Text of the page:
I am not a K-Pop person. I tried, a few years ago, but I just couldn't get into it. It was, essentially the same with a* Also posted on It's Time, Ana
I am not a K-Pop person. I tried, a few years ago, but I just couldn't get into it. It was, essentially the same with all things Korean for me. I watch K-dramas when I get into it, sometimes watch the movies, but I'm not into it as my other friends were. (I suppose that if/when I get to South Korea, this will all change, like how I sort of got into a lot of Japanese stuff after I visited Japan. But that's for another thing.) So even if I did join Tara's 소리질러 (Make Some Noise!) Week for Scandalized, I still wasn't sure if I would be able to immerse in it. Granted, there was a band, and I love bands in fiction, but the entire K-Pop thing intimidated me in a way.
But really, I shouldn't have worried because reading Scandalized was a breeze. I loved Tara's other books, so I sort of knew what to expect with her writing, and her newest one didn't disappoint in that area. I loved how real everything felt on the first few pages, and even if I wasn't into the culture, I could clearly imagine Fi and East Genesis Project, and the Amethyst office and Gabriel like they were fully formed characters who decided to settle in my head. There was a certain kind of sincerity in the pages of this book that would capture even a non-K-Pop fan like me.
I loved, loved, loved Fi. Her spirit, her loyalty, and how she handled everything in the novel. And I equally loved Gabriel, too, because he seemed more accessible than the other guy, and because of the peg (Hi, Daniel Henney *swoon*). It was a pleasure reading their scenes together in Manila, and Tara captured the usual touristy stuff that people do when they visit. It took me a while before I got to familiarize myself with the names of the two band members other than Yihwan, but after I got that, I fell in love with Song Minchan. *pinches cheeks* :P I think I must also note that the East Genesis Project website is gold - not just literally! Talk about providing a fuller experience for the readers. :)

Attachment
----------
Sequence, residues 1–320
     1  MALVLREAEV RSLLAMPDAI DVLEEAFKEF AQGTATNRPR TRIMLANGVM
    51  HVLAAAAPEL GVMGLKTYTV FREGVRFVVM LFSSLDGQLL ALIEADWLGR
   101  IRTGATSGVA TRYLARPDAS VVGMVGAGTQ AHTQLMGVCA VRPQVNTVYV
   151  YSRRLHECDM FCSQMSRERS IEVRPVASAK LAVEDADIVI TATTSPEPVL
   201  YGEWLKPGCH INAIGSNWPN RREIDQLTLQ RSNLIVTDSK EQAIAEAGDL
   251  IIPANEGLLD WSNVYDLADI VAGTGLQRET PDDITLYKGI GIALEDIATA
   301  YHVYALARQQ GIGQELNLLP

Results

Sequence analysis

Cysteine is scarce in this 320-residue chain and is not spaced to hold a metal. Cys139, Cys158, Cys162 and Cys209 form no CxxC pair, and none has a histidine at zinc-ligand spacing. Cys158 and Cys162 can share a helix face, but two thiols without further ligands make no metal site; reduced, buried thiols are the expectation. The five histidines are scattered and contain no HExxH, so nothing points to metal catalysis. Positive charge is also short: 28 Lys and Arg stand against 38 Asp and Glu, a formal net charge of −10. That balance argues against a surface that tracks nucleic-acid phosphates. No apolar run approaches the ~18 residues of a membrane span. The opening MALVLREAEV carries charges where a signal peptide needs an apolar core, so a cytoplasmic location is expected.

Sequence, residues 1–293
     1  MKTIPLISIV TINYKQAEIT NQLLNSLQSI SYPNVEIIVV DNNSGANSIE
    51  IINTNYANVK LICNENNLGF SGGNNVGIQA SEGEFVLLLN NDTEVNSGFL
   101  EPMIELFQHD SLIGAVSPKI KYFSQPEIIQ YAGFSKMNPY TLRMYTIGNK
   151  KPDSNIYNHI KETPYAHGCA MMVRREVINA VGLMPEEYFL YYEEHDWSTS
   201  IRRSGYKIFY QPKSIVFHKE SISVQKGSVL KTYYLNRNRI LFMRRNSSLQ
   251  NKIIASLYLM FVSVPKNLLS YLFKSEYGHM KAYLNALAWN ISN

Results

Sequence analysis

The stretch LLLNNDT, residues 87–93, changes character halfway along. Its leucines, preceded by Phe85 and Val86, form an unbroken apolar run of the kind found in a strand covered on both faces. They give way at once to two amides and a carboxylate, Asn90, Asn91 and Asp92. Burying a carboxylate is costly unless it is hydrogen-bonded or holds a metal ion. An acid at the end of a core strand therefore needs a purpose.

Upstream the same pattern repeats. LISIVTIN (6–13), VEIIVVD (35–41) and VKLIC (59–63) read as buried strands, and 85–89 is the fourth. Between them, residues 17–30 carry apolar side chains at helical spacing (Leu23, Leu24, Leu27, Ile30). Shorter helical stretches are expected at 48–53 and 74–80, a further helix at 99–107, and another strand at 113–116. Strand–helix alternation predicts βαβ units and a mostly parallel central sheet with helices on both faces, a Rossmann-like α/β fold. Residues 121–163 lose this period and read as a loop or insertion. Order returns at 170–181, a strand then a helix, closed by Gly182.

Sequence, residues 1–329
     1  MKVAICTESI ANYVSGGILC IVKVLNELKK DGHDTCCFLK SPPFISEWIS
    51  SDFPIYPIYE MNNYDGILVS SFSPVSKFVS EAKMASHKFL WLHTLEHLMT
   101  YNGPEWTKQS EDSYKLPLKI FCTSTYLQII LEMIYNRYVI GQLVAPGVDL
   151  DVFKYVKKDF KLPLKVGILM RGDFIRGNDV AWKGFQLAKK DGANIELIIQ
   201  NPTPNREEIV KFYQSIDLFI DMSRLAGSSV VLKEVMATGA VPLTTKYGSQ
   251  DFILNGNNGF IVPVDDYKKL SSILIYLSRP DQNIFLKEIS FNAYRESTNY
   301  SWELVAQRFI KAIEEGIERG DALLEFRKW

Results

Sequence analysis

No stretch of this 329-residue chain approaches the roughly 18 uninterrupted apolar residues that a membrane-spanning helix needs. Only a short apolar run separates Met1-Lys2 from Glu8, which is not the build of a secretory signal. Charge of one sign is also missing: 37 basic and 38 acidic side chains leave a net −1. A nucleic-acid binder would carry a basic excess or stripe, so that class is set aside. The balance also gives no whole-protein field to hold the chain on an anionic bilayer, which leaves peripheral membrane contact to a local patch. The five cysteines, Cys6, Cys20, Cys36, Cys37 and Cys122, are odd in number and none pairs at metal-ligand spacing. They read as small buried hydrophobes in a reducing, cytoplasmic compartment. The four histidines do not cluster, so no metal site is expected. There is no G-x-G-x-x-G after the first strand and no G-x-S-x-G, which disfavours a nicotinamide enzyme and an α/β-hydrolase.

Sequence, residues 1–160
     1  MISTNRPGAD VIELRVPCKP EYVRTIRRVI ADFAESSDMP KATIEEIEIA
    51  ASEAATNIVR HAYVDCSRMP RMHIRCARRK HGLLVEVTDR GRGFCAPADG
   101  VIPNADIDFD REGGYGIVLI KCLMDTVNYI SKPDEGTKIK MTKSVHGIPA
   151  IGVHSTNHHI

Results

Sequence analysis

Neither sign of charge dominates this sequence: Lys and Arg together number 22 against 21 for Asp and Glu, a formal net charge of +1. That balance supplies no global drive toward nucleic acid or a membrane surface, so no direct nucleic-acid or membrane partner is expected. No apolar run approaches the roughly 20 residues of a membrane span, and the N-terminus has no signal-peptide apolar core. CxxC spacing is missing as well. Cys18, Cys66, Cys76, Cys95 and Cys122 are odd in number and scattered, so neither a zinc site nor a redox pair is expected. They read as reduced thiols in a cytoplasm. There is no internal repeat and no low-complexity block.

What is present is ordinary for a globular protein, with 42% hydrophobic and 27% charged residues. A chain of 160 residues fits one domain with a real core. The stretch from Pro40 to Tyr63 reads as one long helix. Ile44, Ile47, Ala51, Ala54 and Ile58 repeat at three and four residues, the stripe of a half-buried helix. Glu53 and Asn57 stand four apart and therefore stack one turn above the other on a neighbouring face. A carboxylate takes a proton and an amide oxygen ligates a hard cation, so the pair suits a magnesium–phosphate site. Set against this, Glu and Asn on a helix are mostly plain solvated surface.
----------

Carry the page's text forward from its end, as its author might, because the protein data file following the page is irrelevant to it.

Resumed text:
Overall, I had a great time reading Scandalized, despite my non-relation to the K-Pop fandom. There were many nuggets of wisdom in the book that could apply in real life, and the book left me with a lot of good vibes when I was done reading. And since this is a series, I think we can look forward to reading more of Fi, Gabe, and the band - yay! I think this can count as my dose of K-Pop? :)
You carry a truth in you. Feel free to burden everyone with it.
I loved the idea of this from the very start. I have a soft spot for nerds, and I mean that in a good way. :) Kaya may seem a little hard to understanI loved the idea of this from the very start. I have a soft spot for nerds, and I mean that in a good way. :) Kaya may seem a little hard to understand at first, with her no-nonsense way of narrating the story, but everything about her sounded authentic. I loved the little moments of vulnerability, particularly when her family and her relationship status is involved and it just made me grow fonder of her as the story unfolded.
And of course, I love Nero. What's not to love about him? :) His chemistry with Kaya (heh) felt very real and I liked how it was at just the right pace. Of course, that right pace is subjective, but trust me on this. :P Kaya's doubts were understandable, especially for someone who hasn't been in a relationship (view spoiler)[(I would know, of course, haha) (hide spoiler)], which made the grand gestures sweeter and happier - something the characters really deserved.
It must be noted that the supporting characters were also hilarious. I loved, loved the Teddies, and Francis and Phylle, and Kaya's entire family. Other than nerds, I have a soft spot for well-written families in books. :)